San Francisco 49ers: How Will Colin Kaepernick Develop in 2014?

Bryan KnowlesContributor IIIJuly 11, 2014

San Francisco 49ers quarterback Colin Kaepernick passes during NFL football minicamp in Santa Clara, Calif., Thursday, June 19, 2014. (AP Photo/Jeff Chiu)
Jeff Chiu/Associated Press

How good will Colin Kaepernick be next season? There’s no single player who will impact the fate of the 2014 San Francisco 49ers more than their newly extended quarterback, so figuring out what to expect from him is crucial to predicting how the team will perform this upcoming season.

Considering Kaepernick only has 23 starts under his belt, there’s a lot of potential variance in what we could possibly expect from him next season. At the high end, he is as low a 22-1 pick to win the league MVP, per Odds Checker.

On the other end of the spectrum, it’s true that Kaepernick’s numbers dropped off last season, thanks in large part to injuries to his offensive weapons. He has not yet developed into the sort of quarterback who can succeed regardless of the talent around him. He’s been referred to as a one-read, “remedial” quarterback by some, including ESPN’s Trent Dilfer. He clearly has a step or two more to take as a passer before becoming an elite quarterback.

Will the 49ers pass more in 2014?
Will the 49ers pass more in 2014?Jeff Chiu/Associated Press

The situation is set up for some improvement in 2014. He’ll likely have a full year of a healthy Michael Crabtree, along with the addition of Stevie Johnson to augment his receiving corps. Offensive coordinator Greg Roman has hinted that the team will pass more, indicating a larger role in the offense for Kaepernick. He’ll also have another full season of experience under his belt, as well as more offseason practice and workouts.

One way to try to estimate how much improvement Kaepernick will make is by looking at historical players who had similar seasons to his 2013 year and seeing how they improved the next season.  On the macro scale, similar quarterbacks tend to develop in the same ways. While there are always outliers on the individual level, knowing how similar players have developed can give us a baseline for Kaepernick’s odds.

To do so, I went back to 1990 and looked at quarterbacks between the ages of 24 and 28. I then used a modified version of Football Outsiders’ similarity scores to figure out which quarterbacks had the most similar seasons to Kaepernick, adjusting the numbers to suit his particular play style. This helps us toss out unrealistic comparisons; it’s just as unhelpful to compare Kaepernick to Peyton Manning as it is to compare him to Blaine Gabbert.

Here are the 16 seasons that ended up the most similar to Kaepernick’s 2013 season:

Colin Kaepernick's Comparables
NameYearCmpAttCmp%YdsTDINTRush AttRush YdsTD
C. Kaepernick201324341658.4%3,197218925244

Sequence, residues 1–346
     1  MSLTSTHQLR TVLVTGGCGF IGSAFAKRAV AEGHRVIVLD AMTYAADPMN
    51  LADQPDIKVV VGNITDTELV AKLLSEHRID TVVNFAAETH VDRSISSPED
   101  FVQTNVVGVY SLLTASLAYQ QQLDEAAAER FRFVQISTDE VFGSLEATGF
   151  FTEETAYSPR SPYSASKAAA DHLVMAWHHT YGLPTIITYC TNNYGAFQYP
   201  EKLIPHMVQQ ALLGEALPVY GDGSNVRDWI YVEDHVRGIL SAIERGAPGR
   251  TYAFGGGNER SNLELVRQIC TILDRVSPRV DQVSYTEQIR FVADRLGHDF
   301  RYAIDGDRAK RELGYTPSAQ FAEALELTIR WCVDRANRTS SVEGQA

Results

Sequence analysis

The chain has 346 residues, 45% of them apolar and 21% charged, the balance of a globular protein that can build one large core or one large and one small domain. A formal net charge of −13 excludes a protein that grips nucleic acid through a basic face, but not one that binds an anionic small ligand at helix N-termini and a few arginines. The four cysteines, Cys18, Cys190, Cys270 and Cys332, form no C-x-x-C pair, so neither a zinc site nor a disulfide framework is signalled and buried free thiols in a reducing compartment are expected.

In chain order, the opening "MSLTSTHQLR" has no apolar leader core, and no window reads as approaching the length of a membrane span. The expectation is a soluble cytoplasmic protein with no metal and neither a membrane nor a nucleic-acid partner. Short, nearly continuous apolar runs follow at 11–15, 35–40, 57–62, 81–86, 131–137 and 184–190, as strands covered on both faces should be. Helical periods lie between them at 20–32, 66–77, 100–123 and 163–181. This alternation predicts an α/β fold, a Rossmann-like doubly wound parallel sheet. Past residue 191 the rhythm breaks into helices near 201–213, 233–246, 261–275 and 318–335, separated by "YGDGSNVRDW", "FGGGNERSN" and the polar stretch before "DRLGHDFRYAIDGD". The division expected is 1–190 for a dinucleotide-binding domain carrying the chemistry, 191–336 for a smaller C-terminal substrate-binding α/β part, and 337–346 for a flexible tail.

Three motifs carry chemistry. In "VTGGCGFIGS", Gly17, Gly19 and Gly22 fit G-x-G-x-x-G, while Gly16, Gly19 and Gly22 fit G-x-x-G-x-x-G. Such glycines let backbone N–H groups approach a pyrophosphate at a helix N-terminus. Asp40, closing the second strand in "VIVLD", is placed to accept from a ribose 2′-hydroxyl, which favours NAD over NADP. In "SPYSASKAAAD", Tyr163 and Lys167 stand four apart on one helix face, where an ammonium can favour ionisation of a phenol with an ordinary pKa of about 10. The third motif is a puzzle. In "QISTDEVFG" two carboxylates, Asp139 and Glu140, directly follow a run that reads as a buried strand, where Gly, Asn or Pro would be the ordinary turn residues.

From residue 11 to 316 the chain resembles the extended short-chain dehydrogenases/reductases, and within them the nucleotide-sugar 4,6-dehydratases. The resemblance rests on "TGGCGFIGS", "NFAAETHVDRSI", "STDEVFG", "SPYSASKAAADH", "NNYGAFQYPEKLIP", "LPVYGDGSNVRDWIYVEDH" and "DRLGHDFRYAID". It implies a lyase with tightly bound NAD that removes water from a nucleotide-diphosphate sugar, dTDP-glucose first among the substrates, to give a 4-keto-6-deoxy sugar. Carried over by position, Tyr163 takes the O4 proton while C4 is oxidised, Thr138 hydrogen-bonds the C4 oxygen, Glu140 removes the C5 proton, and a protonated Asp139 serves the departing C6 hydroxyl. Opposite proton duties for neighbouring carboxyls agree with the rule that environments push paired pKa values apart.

Jay Cutler201026143260.4%3,2742316502321
Steve McNair200126443161.3%3,3502112754145
Mark Brunell199726443560.7%3,281187482572
Roethlisberger200828146959.9%3,3011715341012
Cunningham199027146558.3%3,46630131189425
Russell Wilson201225239364.1%3,1182610944894
D. McNabb200327547857.5%3,2161611713353
David Carr200428546661.2%3,5311614732990
D. McNabb200128549357.8%3,2332512824822
Alex Smith201127444561.4%3,144175521792
D. Culpepper200329545465.0%3,4792511734224
S. Humphries199226345457.9%3,356161828794
Steve McNair199828949258.7%3,2281510775594
Philip Rivers200628446061.7%3,38822948490
Philip Rivers200727746060.2%3,152211529331
Chris Miller199122041353.3%3,1032618322290
AverageNA27145359.8%3,2892112623202
Pro Football Reference

Even with the adjustments, it’s hard to find players who rush quite as much as Kaepernick does, because he’s on the forefront of a new style of quarterback play—only Randall Cunningham and Russell Wilson had more attempts than Kaepernick’s 92. On a per-pass and per-rush basis, however, these players all fall fairly close to Kaepernick’s numbers last year.

All in all, however, it’s not a bad list of comparables. Only David Carr and Stan Humphries failed to make the Pro Bowl in their careers. Steve McNair was the NFL MVP in 2003, and Randall Cunningham was the first-team All Pro quarterback in 1998. You’re not seeing any sure-fire Hall of Famers on the list, but Cunningham, McNair, Roethlisberger, Brunell, McNabb and Rivers have all had enviable careers.

How did the players develop the year after? There are a couple of asterisks to look at before showing those numbers:

  • Jay Cutler’s 2011 season was cut short by a fractured thumb, and he only started 10 games.
  • Randall Cunningham tore his ACL in the first game of the 1991 season.
  • Donovan McNabb broke his ankle in 2002, limiting him to 10 games.
  • Alex Smith’s concussion in the 2012 season led to Colin Kaepernick’s arrival as a starter in the first place.
  • Stan Humphries missed time with injuries in the 1993 season, limiting him to 10 starts.
  • Steve McNair hurt his back in the 1999 season, and he missed five games.